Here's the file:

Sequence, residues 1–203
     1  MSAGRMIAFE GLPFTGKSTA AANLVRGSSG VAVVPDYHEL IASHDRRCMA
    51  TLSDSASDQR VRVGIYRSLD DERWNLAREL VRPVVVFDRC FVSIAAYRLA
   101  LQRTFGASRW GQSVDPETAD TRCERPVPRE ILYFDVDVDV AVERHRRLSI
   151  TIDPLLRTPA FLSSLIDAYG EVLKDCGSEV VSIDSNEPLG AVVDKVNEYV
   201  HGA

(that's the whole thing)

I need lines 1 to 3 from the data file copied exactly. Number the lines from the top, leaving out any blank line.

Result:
Sequence, residues 1–203
     1  MSAGRMIAFE GLPFTGKSTA AANLVRGSSG VAVVPDYHEL IASHDRRCMA
    51  TLSDSASDQR VRVGIYRSLD DERWNLAREL VRPVVVFDRC FVSIAAYRLA